A while back when I was writing Kaizen! Toast v Beer, Who Wins? I came across this quote “continuous improvement is the result of continuous involvement”. I couldn’t remember where and ended up searching absolutely loads of websites offering advice on Kaizen, Lean manufacturing and employee engagement, including a few where you can buy it as a motivational poster (Amazon $33.99).
As good as the quote is, I’d like to add in passion, West Midlands style, Ricoh in Telford to be exact.
Recently I visited the Ricoh factory in Telford as part of an IdeasUK networking event. Ricoh in Telford have a very good reputation, which includes their employee engagement. Following the visit three things stand out for me about how Ricoh achieve this success; passion, trust and involvement. These factors are all fundamental to their employee engagement and Kaizen continuous improvement approaches.
Passion. I must admit that ‘passion’ wasn’t something I was expecting to encounter in a photocopier factory somewhere out west of Wolverhampton, but I did, in bucket loads. In fact I met Chris Nicholls the Manufacturing Division General Manager who is responsible for the company value of passion.
Organisational values in my experience are pretty pointless unless they are demonstrated through behaviours, particularly by leaders. Chris and his Continuous Improvement Team demonstrate passion completely. They have passion for continuous improvement, passion for delivering a better product to the customers and passion for helping the employees do the best job they can. This was totally evident in everything they said and did and rubbed off on everyone they encountered, including visitors.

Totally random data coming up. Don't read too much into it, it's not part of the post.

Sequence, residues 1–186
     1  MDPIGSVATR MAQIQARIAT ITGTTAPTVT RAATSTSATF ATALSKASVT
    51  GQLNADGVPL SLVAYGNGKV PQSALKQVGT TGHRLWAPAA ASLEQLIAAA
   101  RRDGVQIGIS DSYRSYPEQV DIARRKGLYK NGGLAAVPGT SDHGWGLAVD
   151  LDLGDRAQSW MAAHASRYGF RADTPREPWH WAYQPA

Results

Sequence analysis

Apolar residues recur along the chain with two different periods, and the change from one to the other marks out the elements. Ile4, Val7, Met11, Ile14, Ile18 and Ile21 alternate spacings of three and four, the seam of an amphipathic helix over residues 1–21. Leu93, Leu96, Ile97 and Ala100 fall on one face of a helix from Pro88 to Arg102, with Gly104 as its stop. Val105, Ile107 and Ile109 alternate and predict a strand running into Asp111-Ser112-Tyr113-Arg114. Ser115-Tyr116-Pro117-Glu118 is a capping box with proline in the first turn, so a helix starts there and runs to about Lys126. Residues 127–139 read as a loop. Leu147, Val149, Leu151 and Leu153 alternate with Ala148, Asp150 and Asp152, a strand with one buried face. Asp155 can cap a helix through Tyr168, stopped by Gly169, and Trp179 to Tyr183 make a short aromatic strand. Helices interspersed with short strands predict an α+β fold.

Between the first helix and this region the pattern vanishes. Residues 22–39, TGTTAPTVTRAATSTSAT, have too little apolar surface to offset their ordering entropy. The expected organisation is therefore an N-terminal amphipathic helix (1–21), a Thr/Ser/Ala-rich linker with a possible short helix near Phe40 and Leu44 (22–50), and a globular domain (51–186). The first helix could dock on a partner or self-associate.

Trust. Trust is a word that is frequently used in relation to employee engagement and continuous improvement. Easy to say, but hard to demonstrate. All I’ll say is that the approach I saw at Ricoh was completely based on trusting people. The expression, “you are the expert in your job, we trust you to do it’” was used on several occasions. It was fascinating watching how trust was demonstrated on the factory floor. People would step in, help others, clean up, move potential blockages and just cover each others backs when they were busy. Total teamwork based on trusting your co-workers. The only other place where I’ve seen this level of trust and teamwork is in a Fire and Rescue Service.
Involvement. Involving people in their jobs as well as a wider continuous improvement mindset across the organisation is key to engagement. Perhaps the most striking example I saw was of one of the warehouse workers who was given an award for the best improvement idea that month. That was great, but in fact he’d had more improvement ideas in total than anyone else on site that year. This was remarkable when you consider he was actually an agency worker on a temporary contract. It’s fantastic that you can get that depth of involvement and engagement from someone who’s with you on a temporary basis. So often you hear the opposite about ‘temps’ being disengaged.
Ricoh in Telford is an inspiring place and Chris Nicholls is putting some material together on the approach to engagement he’s developed there. It’s well worth following what he’s got to say on Twitter @ChrisNicholls12.
Back to the quote, I know it’s not terribly fashionable to like motivational posters (all a bit 1990’s) but I do like “continuous improvement is the result of continuous involvement”. I think it effectively sums up the link between employee engagement and Kaizen quite nicely. Throw in some passion and it would be perfect. Employee Engagement = Kaizen + Passion.
So, what’s the PONT?
- Continuous involvement (employee engagement) will deliver continuous improvement (Kaizen).
- Passion isn’t a word we use, or a behaviour we demonstrate enough in the workplace. Be passionate about what you do and you’ll probably achieve more.
- Trust people to do their jobs. They are the experts.
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